Examples from the Forbes photo album
This is the sticker (Ex-Libris = bookplate) on the inside cover of all the books formerly owned by David Forbes, and seems to be a created family emblem, with the image of the Forbes house on the hill in Buca, an image of fishermen possibly harking back to his Scottish roots and Scottish heraldic symbols with the words Lonach, possibly signifying family links to the Highland & Friendly Society founded by Sir Charles Forbes in 1823 - more information on the Forbes name:
There are a total of 120 images (around 29.5 x 9 cm.) in this Forbes album, almost entirely dedicated to sight-seeing or business trips and here arranged as much as possible as they appear in the album. Locations indicated are from pencil notes in the album [italics our notes].
Ephesus
Ephesus
Ephesus
[? edge torn]
Overlooking Samos
Smyrna
[no caption, appears the MacAndrews and Forbes concern managers are out hunting assisted with Turkish beaters / dog handlers]
Constantinople
Constantinople
Constantinople
Constantinople
Smyrna
On Boudjali Road [St. Anne Valley / Yeşildere]
Mill on the Boudjali Road
Cypresses Smyrna [the lower reaches of the Meles river with the Turkish cemetery in the background, later leading down to the Caravan Bridge]
On Boudjali Road
On Boudjali Road
On Boudjali Road [most of these hillsides are now covered in shanty towns]
On Boudjali Road
Mitylene
Smyrna
On the ‘Amelia’, Black Sea [from evidence of repeat on other photographs, it seems the lady seated is Mrs. Forbes, next to the Mr. Forbes (?) standing in the middle].
Bosphorus [Rumeli Hisar Castle on the European shore]
Smyrna
Bosphorus
Constantinople
Smyrna
Dardanelles
Dardanelles
Near Ephesus
Ephesus
Baku
Baku
Bailoff
Baku from Bailoff
Baku
Bibi Eibat [the first commercial oil field in the world].
Bibi Eibat
Bibi Eibat
Bibi Eibat
Bibi Eibat
The festival of Muharem [Muharram: Muslim new year, observed more by the Shia community that is a majority in this Moslem region] in Baku
The festival of Muharem in Baku
The festival of Muharem in Baku
Grozny [in the Caucasus then not even a town, with the oil boom clearly started].
 
The Sokia (Söke, about 80 km south-east of Izmir) liquorice factory viewed from outside, and seems to be then placed on the outskirts of the town, and viewed within (roll-over), with the now locally non-existent camels used as beasts of burden.
Photo underneath shows the imposing house at Sokia of the Forbes. According the contributor, Cenk Berkant, whose family comes from the market town, the factory and house, surrounded by large trees, no longer exist (the latter was able to survive till the 1970s) and the two buildings were relatively close to each other. The area is now within the confines of the urban growth of the town, and the space occupied by the factory is now a municipal park, “Şehitler ve Gaziler Parkı”, with not a trace of the old relicts.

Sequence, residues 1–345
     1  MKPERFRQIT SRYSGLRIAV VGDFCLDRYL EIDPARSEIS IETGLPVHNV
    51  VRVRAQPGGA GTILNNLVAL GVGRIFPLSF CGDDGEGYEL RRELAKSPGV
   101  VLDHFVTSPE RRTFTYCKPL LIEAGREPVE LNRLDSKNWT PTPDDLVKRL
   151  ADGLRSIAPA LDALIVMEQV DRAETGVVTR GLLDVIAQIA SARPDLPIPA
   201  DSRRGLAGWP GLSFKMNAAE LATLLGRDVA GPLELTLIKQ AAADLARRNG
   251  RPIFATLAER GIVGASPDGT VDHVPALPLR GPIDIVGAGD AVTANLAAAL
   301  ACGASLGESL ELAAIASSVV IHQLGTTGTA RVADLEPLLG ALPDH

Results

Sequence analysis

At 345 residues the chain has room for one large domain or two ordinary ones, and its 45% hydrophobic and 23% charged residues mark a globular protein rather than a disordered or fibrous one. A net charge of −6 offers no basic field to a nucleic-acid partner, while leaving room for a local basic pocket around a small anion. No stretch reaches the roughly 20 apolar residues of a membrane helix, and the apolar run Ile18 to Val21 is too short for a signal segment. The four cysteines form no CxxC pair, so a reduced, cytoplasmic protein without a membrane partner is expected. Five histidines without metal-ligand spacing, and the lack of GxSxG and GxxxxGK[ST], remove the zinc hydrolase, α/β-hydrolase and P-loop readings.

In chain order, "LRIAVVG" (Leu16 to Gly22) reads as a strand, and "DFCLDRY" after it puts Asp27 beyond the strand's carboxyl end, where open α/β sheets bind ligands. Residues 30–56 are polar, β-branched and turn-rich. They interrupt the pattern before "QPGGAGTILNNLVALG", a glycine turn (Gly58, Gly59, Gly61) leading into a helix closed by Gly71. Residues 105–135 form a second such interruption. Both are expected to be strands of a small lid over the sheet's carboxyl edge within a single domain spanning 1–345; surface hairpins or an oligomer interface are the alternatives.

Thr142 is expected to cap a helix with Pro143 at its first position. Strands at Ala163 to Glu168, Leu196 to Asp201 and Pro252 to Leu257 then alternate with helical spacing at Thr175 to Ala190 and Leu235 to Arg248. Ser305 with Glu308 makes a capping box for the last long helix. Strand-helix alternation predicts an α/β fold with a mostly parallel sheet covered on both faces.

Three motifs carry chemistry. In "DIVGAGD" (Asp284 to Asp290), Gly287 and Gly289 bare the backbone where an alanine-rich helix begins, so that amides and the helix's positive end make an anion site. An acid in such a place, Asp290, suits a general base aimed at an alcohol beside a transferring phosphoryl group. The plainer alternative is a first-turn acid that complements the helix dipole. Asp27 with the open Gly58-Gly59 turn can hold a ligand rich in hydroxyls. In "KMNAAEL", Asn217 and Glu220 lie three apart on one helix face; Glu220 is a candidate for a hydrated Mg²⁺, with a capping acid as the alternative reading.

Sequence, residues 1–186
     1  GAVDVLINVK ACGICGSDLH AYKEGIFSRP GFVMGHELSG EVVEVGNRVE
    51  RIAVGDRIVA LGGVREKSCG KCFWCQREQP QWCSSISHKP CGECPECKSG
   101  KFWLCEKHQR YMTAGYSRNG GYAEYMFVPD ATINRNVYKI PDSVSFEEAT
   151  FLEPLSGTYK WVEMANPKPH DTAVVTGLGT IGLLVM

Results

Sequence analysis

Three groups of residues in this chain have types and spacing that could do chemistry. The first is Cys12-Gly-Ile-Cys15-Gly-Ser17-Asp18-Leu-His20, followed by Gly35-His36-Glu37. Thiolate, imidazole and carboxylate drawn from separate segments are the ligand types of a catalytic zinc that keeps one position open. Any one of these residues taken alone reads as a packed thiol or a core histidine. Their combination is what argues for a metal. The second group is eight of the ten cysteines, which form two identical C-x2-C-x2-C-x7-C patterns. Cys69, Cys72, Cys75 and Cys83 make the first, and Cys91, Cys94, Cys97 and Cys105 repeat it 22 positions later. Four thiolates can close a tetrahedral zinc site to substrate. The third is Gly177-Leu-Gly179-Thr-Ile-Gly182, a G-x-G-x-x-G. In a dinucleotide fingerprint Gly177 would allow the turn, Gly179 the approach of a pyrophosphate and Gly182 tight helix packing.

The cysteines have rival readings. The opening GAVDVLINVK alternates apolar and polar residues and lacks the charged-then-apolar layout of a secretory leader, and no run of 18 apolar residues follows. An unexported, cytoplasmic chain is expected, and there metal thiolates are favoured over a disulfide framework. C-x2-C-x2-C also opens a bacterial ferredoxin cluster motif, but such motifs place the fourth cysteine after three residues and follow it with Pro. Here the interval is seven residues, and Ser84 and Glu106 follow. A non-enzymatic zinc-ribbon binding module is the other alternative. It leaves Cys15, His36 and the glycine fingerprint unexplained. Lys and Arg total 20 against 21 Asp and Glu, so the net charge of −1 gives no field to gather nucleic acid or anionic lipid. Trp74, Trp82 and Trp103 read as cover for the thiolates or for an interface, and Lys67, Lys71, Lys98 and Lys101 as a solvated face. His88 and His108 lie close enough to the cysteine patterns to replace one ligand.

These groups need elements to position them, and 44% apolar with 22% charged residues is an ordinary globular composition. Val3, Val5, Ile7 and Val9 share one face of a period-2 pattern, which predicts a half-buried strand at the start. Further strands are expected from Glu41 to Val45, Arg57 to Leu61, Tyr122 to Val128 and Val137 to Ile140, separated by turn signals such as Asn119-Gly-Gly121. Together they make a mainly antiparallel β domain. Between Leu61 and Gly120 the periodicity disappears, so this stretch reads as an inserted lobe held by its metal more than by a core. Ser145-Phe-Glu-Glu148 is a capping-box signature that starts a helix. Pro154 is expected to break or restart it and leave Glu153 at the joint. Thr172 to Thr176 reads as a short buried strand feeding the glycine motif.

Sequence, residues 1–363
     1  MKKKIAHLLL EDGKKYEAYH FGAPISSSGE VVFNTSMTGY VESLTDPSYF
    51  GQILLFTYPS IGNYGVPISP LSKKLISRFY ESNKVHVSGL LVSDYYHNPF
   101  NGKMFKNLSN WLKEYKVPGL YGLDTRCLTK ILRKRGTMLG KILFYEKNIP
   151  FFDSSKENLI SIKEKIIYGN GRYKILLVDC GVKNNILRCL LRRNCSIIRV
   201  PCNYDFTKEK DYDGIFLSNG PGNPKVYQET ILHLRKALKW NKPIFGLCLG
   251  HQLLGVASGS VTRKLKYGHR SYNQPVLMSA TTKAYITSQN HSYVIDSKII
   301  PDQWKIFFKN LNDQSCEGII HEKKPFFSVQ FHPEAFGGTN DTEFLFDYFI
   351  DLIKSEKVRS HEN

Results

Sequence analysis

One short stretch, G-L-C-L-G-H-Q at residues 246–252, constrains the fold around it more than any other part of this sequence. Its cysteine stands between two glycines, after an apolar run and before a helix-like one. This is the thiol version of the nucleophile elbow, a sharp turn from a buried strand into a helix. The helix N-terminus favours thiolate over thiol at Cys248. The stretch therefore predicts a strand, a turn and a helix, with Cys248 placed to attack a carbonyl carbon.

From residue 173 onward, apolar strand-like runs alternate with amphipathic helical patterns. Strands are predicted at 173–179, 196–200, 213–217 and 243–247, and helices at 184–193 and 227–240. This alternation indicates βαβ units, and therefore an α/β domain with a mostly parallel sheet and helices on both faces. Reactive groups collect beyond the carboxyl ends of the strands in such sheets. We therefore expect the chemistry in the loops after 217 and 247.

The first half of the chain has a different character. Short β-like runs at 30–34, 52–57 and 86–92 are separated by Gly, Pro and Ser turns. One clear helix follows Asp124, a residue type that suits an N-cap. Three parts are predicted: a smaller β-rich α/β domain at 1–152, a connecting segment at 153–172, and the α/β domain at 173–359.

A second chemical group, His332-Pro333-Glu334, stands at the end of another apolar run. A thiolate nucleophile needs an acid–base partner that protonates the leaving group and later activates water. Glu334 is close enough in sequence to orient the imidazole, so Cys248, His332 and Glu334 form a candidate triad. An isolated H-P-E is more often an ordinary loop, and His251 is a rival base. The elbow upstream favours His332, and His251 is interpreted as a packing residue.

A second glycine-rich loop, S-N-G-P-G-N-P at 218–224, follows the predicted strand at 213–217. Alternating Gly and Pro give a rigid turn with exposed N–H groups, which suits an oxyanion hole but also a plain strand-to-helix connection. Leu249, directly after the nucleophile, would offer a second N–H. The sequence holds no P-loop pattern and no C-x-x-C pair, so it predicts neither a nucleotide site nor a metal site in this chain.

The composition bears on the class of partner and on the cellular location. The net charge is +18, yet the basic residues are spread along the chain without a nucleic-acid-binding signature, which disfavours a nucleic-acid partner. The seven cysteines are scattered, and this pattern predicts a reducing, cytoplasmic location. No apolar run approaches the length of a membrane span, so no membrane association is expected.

The photo underneath shows a view of Buca, possibly showing the Forbes’s earlier house within the village around the turn of the century before the imposing one was built on the margins in 1910.
The photos above show the Alexandretta [İskenderun] liquorice factory that was also a Forbes concern, situated in the then rather sleepy port then, now a major industrial hub.
In the Georgia / Southern Russia section of the photo album, so presumably this factory with railway connection is in that region. The crop piles on the right seem to be liquorish to be processed, clearly an interest to the Forbes, who possibly sourced some of their processed syrup from here. The pencil location is hard to make out, possibly ‘Epol ft’ with the ft (if I have read it correctly) probably being an abbreviation of the factory name / location - more views below.
Additional information was received in Oct 2007 from Mr Luigi Piccioni, professor of economic history in the Universiy of Calabria, Southern Italy:
There is a liquorice museum in Pontefract, UK, where a small number of Mac Andrews & Forbes documents still survive. Among them are several interesting pictures of their liquorice plants and offices in Turkey, Azerbaijan, Georgia, Syria, Mesopotamia taken at the beginning of the last century. One of these pictures matches that of the above and below photos of the factory, the the plant of Elizavetpol (now Ganja or Gäncä), in Azerbaijan: So the “Epol ft” pencilled beside the photo above meant “Elizavetpol factory”. I think that both the pictures of the Forbes album and of the Pontefract Museum were taken between 1902 and 1915, but the plant was built before 1891, because I found an information about it in an English magazine of that year. In the small Pontefract collection there are three very fine portraits of the Mac Andrews & Forbes building in Smyrna, taken probably in 1876, in addition to other pictures of offices, plants and English officers of the company in some other locations of Anatolia.
Batoum harbour.
MacAndrews and Forbes of Company was bought out by the American company Mafco around 1902 and later this company in turn was bought out by E.V.D. of Marseilles - a selection of photographs from this later era:
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